A binnacle is the housing for a ship’s compass. The idea behind a binnacle is to counter the magnetic deviation caused by the ship being made of iron so that the compass can point to magnetic north. Metals that were used to construct binnacles were required to be non-ferrous (containing no iron) such as brass. Even a small piece of iron such as a nail or screw could throw the compass off.
The Olympic, sister ship to the Titanic, utilized four different binnacles to assist in navigating the high seas. The first one was on the navigating bridge. It was covered but the sides of the bridge were open so it was exposed to the outside elements. The next one was in the wheelhouse and was totally enclosed. In the middle of the ship between the second and third funnels on the compass platform was the third binnacle. Further back on the docking bridge was the fourth binnacle. The binnacles in these last two locations were completely exposed to the elements so they would be covered when not in operation. It is quite possible that this particular binnacle was located on either the Olympic’s wheelhouse or compass platform.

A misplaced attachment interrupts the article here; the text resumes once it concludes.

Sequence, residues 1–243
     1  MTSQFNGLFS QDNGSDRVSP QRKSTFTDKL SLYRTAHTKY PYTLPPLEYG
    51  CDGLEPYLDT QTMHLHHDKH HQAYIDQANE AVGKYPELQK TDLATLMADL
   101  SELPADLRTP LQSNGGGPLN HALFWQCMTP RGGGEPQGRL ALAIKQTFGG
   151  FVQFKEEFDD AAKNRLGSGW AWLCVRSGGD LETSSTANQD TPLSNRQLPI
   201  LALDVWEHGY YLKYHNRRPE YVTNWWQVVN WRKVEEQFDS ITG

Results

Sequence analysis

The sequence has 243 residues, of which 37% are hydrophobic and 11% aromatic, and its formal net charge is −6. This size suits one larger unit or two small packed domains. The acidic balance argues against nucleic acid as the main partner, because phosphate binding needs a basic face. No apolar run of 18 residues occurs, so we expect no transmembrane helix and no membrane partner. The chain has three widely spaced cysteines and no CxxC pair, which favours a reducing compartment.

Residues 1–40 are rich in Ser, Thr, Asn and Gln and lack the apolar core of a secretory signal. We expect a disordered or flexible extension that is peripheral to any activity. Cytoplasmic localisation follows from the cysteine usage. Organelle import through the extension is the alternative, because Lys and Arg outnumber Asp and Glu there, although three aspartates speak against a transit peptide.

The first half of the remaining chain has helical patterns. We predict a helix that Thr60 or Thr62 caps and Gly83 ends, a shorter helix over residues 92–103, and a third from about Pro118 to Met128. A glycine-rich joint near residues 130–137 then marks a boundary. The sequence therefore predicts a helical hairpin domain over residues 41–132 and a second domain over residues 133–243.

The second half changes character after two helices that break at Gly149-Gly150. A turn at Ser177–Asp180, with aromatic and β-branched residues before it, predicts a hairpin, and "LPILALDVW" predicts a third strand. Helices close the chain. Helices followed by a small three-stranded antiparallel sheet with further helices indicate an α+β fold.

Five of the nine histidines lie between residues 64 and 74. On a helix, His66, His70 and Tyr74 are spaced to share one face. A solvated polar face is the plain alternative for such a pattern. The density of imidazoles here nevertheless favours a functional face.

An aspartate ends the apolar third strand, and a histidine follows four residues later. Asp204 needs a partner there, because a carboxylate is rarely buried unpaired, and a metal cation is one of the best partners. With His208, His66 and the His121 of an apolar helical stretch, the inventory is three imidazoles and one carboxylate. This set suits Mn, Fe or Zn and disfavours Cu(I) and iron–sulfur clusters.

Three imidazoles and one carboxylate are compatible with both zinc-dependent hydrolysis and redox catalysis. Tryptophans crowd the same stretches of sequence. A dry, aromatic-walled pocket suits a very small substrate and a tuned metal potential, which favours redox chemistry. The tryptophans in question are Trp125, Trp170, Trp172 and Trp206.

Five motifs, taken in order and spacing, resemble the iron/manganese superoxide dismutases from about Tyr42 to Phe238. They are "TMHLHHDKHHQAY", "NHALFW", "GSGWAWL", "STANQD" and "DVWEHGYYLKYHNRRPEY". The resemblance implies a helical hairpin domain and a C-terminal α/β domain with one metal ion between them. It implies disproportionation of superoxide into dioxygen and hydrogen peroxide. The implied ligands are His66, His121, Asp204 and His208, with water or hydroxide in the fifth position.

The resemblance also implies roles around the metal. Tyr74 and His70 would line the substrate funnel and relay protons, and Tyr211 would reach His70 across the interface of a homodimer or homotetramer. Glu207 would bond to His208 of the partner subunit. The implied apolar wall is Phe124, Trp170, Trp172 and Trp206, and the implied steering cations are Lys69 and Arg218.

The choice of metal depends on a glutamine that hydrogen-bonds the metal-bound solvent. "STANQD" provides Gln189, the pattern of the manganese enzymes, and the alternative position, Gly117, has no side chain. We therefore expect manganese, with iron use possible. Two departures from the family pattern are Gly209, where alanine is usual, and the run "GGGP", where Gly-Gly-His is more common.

Olympic’s binnacle stands 56.5” tall, 48” in circumference, and is 38” wide. It measures in at 31.5” in circumference and is mounted on 9” slotted supports. The top of the binnacle has a brass hood. This was used to protect the compass and cut down the amount of light at night so that anyone working around it would not lose their night vision. The hood also has two access sliding doors; one is on the back side and the other is on the right side. Upon removing the hood the compass is then exposed. The compass is mounted in a gimbal which is best described as a gyroscope, a spinning wheel or disk whose axle is free to take any orientation. The gimbal keeps the compass horizontal or level. The compass would have been illuminated by an electric light that was housed inside the binnacle, below the compass.
On the front of the binnacle is a clinometer which is filled with liquid and is used to give the list (angle) of the ship up to 50 degrees. The clinometer must be mounted on the center line of the ship in order to work properly. The binnacle also has a door on both sides of the clinometer and the middle plaque. This is where the electric light bulb would have been accessed. There are two doors on either side of the of the bottom plaque which are used for magnets and flinders bars (used to counteract the vertical magnetism) to help eliminate the magnetic deviation of a compass caused by an iron ship. On the back side of the binnacle there is a flinders tube. This one is 24.75” long and 3.5” in diameter and was used to hold flinders bars.